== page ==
Tingha and Tabulam residents in shock after bushfires destroy 20 homes across NSW

| 15.02,19. 03:37 PM |

Tingha and Tabulam residents in shock after bushfires destroy 20 homes across NSW

ABC News

The NSW Rural Fire Service (RFS) has upgraded an out of control bushfire west of Tabulam in the state's north to emergency warning level as properties come under threat.

There has been an increase in fire activity on the western side of the fireground, with RFS issuing the upgrading the warning about 9am this morning.

As of 2.30pm, the emergency warning was still active in the area, with the fire area estimated at more than 4000 hectares.

"Firefighters are in position to protect properties and will be assisted by aircraft," the RFS said in its advice to residents.

Firefighters said it was too late to leave for those in the area of the Bruxner Highway, Old Bruxner Highway and Sugarbag Road and they should shelter.

It was also too late to leave for residents of Leslie Creek Road, O'Driscoll Road and Fairfield Road.

The RFS sent an emergency text message to affected residents.

Spokesman James Morris advised residents sheltering in homes to fill baths and sinks with water, before sheltering in a safe part of the home.

"Make sure doors and windows are closed, your air-conditioning is turned off, and settle as that fire passes," he said.

"Once it's safe to do so make your way outside and extinguish any remaining spot fires."

The RFS said more firefighters were being deployed to the area as two air tankers worked to control the fire.

Emergency Services Minister Troy Grant arrived at the scene on Friday afternoon.

He said the conditions were "challenging" for firefighters

"And they're going to be challenging for weeks," he said.

A Tabulam woman has been charged with starting the blaze, after leaving burning rubbish unattended on her property during a total fire ban.

The fire is one of three blazes that have destroyed 20 homes and damaged a number of others in northern NSW since Wednesday.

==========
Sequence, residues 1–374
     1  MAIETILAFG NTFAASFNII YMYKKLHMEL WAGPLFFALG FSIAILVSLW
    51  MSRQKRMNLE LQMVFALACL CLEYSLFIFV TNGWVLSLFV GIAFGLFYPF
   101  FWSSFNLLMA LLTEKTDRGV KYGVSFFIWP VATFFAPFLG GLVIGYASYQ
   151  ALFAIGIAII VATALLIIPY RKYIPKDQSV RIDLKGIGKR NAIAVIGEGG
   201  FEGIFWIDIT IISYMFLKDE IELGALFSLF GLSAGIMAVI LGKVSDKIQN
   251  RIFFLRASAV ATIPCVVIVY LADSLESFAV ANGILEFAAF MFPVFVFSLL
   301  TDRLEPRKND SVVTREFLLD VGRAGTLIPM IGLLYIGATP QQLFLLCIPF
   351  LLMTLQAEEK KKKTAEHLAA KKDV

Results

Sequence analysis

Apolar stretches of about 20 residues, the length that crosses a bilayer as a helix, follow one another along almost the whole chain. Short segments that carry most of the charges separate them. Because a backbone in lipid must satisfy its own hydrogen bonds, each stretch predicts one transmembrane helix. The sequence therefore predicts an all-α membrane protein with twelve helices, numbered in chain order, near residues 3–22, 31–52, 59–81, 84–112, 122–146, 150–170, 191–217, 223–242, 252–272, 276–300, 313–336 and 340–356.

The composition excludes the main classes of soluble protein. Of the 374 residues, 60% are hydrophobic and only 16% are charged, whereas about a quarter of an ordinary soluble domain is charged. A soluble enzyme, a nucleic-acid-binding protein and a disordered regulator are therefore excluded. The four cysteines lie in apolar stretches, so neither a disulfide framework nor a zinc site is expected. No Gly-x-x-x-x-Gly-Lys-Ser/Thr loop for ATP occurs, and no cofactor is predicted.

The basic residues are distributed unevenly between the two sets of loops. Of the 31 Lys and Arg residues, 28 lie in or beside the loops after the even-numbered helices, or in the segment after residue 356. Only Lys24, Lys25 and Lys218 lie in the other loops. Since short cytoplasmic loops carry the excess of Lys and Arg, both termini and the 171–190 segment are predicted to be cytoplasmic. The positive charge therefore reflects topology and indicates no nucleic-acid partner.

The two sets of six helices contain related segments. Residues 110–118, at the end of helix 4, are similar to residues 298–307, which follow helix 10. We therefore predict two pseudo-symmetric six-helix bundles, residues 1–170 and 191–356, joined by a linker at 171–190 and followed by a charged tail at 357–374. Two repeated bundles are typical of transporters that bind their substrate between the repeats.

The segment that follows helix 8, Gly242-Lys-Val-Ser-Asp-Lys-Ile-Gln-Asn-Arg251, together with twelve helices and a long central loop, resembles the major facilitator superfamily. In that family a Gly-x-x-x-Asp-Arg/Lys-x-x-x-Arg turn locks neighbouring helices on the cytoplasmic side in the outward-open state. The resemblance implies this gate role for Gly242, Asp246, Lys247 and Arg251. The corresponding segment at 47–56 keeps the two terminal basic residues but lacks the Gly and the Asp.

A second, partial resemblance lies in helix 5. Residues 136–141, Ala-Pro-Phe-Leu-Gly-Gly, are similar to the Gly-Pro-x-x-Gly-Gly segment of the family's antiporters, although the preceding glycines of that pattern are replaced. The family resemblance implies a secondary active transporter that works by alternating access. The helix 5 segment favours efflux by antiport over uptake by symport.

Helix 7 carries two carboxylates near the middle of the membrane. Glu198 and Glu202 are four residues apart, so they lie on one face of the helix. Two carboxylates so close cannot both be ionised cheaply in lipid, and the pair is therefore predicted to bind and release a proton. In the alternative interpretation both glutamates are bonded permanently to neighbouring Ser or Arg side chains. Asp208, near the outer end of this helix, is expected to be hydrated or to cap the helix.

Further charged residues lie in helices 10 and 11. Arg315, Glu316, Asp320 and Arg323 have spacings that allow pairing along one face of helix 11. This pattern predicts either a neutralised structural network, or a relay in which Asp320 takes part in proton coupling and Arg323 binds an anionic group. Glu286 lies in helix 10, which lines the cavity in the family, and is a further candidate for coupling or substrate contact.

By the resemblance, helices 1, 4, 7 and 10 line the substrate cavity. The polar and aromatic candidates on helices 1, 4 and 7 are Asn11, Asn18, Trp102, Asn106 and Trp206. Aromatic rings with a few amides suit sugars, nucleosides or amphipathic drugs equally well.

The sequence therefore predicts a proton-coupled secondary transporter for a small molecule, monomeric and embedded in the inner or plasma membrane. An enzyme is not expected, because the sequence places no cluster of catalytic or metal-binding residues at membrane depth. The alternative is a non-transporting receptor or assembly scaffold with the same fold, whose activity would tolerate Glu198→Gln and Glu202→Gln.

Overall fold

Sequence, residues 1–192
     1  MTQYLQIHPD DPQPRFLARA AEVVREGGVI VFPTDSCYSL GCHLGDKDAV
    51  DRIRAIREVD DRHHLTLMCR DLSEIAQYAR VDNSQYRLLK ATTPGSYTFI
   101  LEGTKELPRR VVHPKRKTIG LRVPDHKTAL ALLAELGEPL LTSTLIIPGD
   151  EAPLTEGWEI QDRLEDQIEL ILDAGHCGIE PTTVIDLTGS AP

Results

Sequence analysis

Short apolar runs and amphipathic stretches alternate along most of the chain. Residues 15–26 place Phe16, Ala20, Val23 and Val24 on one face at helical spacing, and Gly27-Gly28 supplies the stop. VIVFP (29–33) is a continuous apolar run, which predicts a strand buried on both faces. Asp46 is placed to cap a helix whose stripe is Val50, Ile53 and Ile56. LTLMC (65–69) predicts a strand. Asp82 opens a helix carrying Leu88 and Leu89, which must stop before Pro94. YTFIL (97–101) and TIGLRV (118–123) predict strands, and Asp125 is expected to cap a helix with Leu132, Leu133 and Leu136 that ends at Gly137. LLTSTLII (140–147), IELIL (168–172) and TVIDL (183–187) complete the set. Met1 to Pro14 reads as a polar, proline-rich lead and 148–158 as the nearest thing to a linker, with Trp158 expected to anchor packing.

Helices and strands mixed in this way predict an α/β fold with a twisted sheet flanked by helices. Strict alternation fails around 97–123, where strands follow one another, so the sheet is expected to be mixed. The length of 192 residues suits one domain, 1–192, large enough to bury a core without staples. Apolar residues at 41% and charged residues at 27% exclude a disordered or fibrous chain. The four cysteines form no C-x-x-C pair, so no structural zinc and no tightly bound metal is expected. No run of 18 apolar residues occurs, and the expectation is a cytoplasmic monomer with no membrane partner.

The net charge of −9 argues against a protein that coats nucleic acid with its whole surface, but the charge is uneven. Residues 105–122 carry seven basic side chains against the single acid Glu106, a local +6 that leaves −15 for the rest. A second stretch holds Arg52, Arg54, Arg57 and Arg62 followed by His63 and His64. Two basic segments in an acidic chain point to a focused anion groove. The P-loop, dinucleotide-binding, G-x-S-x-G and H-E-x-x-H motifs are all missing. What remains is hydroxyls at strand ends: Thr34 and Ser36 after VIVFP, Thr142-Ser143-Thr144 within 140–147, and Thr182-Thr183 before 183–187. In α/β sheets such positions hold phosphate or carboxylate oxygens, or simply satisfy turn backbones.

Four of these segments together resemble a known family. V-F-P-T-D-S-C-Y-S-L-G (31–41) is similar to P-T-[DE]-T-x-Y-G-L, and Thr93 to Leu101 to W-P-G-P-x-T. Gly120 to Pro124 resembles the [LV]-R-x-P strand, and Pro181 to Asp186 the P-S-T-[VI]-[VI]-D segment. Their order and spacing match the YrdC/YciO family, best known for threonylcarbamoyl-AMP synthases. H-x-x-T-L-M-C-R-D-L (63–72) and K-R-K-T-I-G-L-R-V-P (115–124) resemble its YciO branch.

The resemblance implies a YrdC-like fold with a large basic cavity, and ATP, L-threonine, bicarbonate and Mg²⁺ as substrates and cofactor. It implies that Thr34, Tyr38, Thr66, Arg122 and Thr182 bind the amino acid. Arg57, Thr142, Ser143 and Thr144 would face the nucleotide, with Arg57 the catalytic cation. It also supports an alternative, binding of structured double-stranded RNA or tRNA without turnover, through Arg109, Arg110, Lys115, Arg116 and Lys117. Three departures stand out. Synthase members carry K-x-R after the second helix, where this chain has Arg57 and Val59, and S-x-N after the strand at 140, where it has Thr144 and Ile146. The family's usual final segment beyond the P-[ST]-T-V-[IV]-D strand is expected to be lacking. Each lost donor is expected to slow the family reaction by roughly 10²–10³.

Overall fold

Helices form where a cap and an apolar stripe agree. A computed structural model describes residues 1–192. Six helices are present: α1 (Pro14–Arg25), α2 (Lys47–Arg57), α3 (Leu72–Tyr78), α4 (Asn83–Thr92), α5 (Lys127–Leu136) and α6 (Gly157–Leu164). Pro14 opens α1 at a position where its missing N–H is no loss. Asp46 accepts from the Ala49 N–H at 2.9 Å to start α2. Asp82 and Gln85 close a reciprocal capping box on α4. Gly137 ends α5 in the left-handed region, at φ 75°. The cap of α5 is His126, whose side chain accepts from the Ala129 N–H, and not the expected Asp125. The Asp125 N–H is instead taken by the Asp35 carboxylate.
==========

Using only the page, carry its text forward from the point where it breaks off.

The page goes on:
Other properties were burned in Tingha and Wallangarra.

Residents confront damage

The new emergency warning for Tabulam was issued as residents returned to assess damage in areas already burned.

Among them was Ron Heperi, who lost his home of 32 years.

"[These bushfires] are becoming standard," he said, fighting back the tears.

It is the first time Mr Heperi has been back since fleeing the Tabulam property on Wednesday, as a large bushfire whipped up "like a mini cyclone", forming a nine-kilometre fire front.

"When this came through there was little [firefighters] could do," he said.

"It was just like a wave of fire — it's absolutely amazing."

After the fire ripped through Tabulam, Jill Adam was so desperate to find out the fate of her cattle that she walked across a river and through paddocks to avoid road blocks.

One cow and calf had perished in the blaze.

"The others managed to escape because a neighbour opened gates before he ran for his life," she said.

"They're very hungry now and they're all covered in smoke and dust and grey and look horrible, but they're a lovely lot of cattle."

"We walked back home in the dark which was very traumatic [with] fire all around us and trees going off … and people's cows were running and horses were running up and down the roads and the paddocks frantically.

"Everything was in shock, including us."

'We've lost everything'

Further south in Tingha, Todd Cross stood among piles of blackened, hollowed-out cars that formed part of his father's 25-year-old car wrecking and scrap metal business.

"Fire just sort of raged through," he said.

"We've lost everything … as you can probably see."

Roads blocks meant he had been unable to help his parents defend the property as the blaze took hold.

"Dad and one of his mates tried to put the fires out — it obviously didn't have much of an effect, it was just too powerful," he said.

"I don't know what sort of price you could put on what he's lost — I mean he's lost everything in the house as well, which is all our memories.

"Me and dad just sort of sat and cried for a while — no words really."

Burnt out cars

Not far from the twisted metal remains of Mr Heperi's home is the skeleton of an XT-250 Yamaha trail bike he had painstakingly restored.

Inexplicably, a large "crystal rock" garden ornament has been spared from the flames.

"Look of the size of that there, and it didn't get touched," he laughed.

When it was pointed out he was in good spirits for a bloke who had just about lost everything, he stopped laughing.

"Mate, after you've finished crying, that's what happens," he said.


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